How to liquidate when a company has no money

How to liquidate when a company has no moneyIt is true that the liquidation process comes at a price, which can be a real hassle for business owners, even more so if the company has no money, as in almost every case the reason a business enters liquidation is due to the financial issues they’re facing at that time.

As your business venture enters a phase where it becomes financially unstable and riddled with cash flow issues, it can be inevitable that you’ll have to file for liquidation.

The first thing you should do is contact us here at Business Insolvency Helpline, as we can aid you in making the key decisions on dilemmas.

For example, whether a formal liquidation procedure is the best option, or whether other routes, such as a voluntary arrangement, refinancing or a dissolution, would be more suitable to your individual situation than liquidating a company.

Once you’ve considered all alternatives, if liquidation is decided as the best possible action to take, price relating to the liquidation will be discussed. As well as all other details that’ll be looked into as your business begins to enter into liquidation.

How to liquidate a company with no money

Liquidating a company with no money can be a difficult and complicated process. The first step is to determine if there are any assets that can be sold to raise funds. This can include any physical property, equipment, or inventory that the company owns. If there are no assets that can be sold, the next step is to notify creditors and begin the process of dissolving the company.

This will involve filing paperwork with the state and notifying any outstanding creditors of the company’s closure. It’s important to keep detailed records of all transactions during the liquidation process to avoid any legal issues.

Here are some steps to follow when liquidating a company with no money:

  1. Determine if there are any assets that can be sold to raise funds.
  2. Notify creditors of the company’s closure.
  3. File paperwork with the state to dissolve the company.
  4. Keep detailed records of all transactions during the liquidation process.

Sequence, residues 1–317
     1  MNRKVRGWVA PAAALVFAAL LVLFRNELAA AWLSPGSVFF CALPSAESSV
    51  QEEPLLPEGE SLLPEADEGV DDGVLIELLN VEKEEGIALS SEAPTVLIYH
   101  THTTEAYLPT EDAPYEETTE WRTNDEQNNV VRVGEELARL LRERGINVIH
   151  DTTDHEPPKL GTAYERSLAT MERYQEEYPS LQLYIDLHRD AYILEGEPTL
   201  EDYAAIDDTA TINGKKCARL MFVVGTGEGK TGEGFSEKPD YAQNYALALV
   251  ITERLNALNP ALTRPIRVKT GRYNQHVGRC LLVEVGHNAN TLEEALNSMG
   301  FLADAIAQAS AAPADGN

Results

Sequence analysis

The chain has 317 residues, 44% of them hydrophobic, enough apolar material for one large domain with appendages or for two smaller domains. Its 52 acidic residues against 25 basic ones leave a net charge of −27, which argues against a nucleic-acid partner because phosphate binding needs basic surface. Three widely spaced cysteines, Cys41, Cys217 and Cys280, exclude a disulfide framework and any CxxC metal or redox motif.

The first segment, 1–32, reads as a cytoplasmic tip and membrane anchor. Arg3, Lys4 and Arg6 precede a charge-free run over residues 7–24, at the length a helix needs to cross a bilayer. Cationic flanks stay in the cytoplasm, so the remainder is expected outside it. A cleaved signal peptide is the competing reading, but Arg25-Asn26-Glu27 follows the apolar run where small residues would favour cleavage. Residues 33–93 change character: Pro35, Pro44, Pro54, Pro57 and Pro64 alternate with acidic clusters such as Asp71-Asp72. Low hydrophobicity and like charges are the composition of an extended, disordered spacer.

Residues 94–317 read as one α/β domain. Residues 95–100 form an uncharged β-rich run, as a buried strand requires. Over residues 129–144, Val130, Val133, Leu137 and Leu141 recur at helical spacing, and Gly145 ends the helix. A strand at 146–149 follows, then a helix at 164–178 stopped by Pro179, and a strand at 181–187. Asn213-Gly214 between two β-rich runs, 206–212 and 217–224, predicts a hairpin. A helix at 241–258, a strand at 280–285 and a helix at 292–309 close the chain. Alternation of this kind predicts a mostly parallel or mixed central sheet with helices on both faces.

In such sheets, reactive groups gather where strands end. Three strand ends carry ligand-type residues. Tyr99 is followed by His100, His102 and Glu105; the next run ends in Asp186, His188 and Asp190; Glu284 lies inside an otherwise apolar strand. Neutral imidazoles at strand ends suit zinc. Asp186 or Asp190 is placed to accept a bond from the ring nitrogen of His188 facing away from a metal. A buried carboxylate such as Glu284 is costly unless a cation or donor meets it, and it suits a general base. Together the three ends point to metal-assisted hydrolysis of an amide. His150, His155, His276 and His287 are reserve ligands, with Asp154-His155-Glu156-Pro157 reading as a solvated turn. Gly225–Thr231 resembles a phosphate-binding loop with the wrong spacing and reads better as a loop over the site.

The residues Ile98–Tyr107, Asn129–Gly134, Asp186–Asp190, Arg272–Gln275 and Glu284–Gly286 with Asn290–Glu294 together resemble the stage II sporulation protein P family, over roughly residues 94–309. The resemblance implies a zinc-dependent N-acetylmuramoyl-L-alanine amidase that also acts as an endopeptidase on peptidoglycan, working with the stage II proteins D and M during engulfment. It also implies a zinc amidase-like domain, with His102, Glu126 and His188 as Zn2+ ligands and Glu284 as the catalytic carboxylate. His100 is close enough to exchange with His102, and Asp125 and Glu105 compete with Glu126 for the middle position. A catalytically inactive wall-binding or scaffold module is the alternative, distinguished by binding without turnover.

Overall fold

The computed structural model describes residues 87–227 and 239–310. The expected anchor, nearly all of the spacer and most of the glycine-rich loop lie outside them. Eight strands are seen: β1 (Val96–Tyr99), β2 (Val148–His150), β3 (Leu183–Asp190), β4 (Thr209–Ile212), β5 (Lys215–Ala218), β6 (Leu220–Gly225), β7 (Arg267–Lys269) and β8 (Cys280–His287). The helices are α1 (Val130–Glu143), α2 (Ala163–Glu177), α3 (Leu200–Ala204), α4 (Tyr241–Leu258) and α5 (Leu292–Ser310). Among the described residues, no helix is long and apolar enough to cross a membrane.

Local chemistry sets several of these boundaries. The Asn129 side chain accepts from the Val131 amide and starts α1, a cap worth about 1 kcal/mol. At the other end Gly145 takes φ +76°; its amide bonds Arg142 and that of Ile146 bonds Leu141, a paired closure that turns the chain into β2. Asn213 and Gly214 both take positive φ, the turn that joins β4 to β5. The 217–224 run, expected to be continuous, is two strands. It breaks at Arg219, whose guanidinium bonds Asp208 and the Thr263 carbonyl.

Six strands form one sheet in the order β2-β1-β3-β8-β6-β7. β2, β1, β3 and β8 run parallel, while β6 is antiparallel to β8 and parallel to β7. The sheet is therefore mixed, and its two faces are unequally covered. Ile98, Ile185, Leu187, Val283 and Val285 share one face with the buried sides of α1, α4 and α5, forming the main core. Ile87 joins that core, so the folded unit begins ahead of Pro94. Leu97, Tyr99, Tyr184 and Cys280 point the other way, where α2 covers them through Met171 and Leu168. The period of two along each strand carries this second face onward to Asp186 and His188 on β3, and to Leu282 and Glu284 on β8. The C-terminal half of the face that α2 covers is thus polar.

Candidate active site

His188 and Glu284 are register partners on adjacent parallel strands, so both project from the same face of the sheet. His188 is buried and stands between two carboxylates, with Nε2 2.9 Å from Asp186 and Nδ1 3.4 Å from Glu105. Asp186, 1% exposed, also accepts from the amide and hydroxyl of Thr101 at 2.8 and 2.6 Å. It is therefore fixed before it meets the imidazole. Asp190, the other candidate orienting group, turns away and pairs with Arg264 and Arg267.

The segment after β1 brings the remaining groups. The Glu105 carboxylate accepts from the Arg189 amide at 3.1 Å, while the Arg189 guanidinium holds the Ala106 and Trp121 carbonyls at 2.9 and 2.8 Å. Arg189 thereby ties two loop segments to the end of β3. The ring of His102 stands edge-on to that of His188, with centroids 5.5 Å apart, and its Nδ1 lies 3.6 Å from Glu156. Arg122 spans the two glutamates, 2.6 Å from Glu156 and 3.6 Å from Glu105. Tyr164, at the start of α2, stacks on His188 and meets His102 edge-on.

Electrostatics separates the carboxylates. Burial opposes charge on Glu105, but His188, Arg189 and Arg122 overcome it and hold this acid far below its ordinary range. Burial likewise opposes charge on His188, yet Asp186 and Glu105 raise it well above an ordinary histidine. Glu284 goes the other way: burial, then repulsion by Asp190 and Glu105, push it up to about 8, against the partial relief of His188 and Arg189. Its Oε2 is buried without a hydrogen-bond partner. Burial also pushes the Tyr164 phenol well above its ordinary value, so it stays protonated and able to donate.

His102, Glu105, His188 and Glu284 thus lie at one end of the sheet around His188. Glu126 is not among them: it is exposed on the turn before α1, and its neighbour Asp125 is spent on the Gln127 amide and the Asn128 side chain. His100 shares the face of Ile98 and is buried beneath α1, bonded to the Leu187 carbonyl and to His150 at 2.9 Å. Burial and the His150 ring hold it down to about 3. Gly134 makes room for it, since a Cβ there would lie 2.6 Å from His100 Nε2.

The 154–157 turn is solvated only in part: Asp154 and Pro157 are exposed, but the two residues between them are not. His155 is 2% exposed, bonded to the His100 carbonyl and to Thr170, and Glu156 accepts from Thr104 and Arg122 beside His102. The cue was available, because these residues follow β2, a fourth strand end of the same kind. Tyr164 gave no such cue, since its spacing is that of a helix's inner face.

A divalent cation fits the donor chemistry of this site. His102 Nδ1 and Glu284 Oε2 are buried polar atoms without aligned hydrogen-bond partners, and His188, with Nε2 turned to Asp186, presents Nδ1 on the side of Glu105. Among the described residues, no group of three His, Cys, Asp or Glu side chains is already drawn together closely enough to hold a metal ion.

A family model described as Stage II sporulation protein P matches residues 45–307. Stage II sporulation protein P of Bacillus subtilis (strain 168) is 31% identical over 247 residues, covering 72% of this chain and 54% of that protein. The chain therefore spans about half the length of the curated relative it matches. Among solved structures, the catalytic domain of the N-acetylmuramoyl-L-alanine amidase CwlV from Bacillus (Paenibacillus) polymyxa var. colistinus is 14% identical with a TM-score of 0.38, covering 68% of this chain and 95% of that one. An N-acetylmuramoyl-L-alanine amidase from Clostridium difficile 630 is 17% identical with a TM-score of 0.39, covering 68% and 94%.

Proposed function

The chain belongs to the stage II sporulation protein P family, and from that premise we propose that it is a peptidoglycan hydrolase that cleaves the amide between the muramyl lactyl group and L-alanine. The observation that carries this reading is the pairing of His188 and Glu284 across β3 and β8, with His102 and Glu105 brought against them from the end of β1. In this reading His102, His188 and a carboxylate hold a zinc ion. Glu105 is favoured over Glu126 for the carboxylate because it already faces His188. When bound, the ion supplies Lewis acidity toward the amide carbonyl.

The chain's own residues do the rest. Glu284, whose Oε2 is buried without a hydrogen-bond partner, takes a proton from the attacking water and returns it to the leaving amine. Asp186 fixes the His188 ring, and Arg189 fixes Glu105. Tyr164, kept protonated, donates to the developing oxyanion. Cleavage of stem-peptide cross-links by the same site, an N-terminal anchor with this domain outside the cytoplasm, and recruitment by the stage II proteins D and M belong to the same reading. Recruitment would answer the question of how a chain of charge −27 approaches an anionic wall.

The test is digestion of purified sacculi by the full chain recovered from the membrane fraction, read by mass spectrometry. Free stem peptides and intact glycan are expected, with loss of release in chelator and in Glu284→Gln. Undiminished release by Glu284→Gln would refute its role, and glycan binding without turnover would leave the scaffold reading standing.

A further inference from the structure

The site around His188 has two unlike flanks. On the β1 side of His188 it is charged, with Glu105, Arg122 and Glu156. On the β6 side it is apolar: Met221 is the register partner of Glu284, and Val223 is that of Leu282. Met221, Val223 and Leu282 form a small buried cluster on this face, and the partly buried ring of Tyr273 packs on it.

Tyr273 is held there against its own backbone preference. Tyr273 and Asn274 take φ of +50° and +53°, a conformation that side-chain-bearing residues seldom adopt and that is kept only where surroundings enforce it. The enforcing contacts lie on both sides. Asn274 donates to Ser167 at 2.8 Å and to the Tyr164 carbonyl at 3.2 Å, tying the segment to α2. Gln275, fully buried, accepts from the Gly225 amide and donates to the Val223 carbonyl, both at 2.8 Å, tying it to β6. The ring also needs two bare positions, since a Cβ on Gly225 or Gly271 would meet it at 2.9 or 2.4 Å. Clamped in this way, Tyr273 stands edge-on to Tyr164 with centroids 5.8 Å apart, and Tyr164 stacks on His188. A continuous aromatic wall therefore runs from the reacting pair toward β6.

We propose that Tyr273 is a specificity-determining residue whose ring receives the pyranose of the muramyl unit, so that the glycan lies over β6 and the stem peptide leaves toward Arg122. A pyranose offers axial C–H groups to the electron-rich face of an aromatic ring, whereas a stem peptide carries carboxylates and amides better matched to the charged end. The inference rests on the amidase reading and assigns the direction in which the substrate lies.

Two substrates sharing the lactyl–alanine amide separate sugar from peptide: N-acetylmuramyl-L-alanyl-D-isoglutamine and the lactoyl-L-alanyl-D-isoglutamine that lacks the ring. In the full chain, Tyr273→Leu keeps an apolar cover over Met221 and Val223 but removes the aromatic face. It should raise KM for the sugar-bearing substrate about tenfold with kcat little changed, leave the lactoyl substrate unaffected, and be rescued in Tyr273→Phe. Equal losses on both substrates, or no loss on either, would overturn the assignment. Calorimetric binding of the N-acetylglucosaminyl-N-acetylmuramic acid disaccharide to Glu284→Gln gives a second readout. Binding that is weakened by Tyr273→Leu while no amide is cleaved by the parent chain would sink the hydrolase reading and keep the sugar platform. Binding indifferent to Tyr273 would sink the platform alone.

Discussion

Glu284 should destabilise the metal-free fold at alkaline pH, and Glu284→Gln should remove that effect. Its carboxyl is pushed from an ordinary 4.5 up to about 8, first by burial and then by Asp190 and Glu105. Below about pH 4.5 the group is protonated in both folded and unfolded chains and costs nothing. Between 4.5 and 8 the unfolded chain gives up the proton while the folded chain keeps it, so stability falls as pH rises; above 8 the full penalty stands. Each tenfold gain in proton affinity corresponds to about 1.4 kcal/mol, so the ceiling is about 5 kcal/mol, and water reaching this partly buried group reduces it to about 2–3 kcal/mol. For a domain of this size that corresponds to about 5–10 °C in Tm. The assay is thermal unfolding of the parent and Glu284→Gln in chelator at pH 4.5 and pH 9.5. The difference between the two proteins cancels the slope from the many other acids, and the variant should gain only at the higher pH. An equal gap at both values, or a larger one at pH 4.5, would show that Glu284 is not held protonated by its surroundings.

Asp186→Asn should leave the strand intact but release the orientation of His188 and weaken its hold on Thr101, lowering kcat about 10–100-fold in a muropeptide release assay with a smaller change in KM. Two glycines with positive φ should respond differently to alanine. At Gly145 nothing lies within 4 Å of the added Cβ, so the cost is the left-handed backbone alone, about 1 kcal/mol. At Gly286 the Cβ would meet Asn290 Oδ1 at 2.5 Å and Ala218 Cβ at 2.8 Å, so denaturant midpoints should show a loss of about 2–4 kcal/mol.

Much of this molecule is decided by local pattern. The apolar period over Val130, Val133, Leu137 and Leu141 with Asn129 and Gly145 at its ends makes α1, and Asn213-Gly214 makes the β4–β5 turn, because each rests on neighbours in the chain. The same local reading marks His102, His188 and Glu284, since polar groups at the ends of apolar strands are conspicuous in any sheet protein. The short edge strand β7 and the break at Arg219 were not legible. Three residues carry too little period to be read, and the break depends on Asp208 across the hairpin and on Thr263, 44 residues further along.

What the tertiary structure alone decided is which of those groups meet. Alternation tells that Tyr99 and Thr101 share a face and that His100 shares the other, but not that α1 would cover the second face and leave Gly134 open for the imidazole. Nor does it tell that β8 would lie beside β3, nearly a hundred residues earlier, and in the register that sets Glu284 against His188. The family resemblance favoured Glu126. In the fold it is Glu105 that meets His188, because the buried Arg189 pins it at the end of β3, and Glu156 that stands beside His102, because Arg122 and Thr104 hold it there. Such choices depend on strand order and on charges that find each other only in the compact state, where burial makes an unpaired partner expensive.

5. Cancel any remaining contracts or agreements the company has in place.
  6. Settle any outstanding debts with creditors.
  7. Notify any employees of the company’s closure and provide necessary documentation for unemployment benefits.
  8. Dispose of any remaining inventory or equipment in an appropriate manner.
  9. Close any remaining bank accounts or credit lines associated with the company.
  10. Seek legal advice to ensure all steps are taken correctly and to minimize any potential legal issues.

What if I can’t afford to liquidate my company?

A customer may have entered insolvency leaving you with unpaid invoices, or your bank account may be frozen due to a winding up petition, there are many reasons while a company cannot afford to liquidate. Once you begin to become concerned with the charge of this action, it’s wise to first seek out your accountant or an insolvency practitioner. They will help you to decide whether you need to formally liquidate the company or if you can dissolve the business and have it struck off at a Companies House. If the latter ends up being the case for your situation, you’ll need to be advised in order to ensure you’re doing things correctly, though this will prove to be the more cost effective of the two methods.

If your business is majorly struggling and can no longer pay off its debts and struggling to keep creditors from your door, you will most likely need to file for a formal insolvency liquidation procedure; the rescue procedure will need to be fronted by a licensed insolvency practitioner.

One of the most common ways of closing a limited company is going down the Creditors Voluntary Liquidation (CVL) route. The directors of the company would be the people to make the decision to enter a CVL as it is not a compulsory liquidation being forced on them by a creditor. Opting for a voluntary liquidation, rather than a compulsory one, may well be more expensive at first as you’ll have to pay fees attached to the liquidator, though it does in return offer you more control of the undertaking overall, meaning it can be less costly in the long run.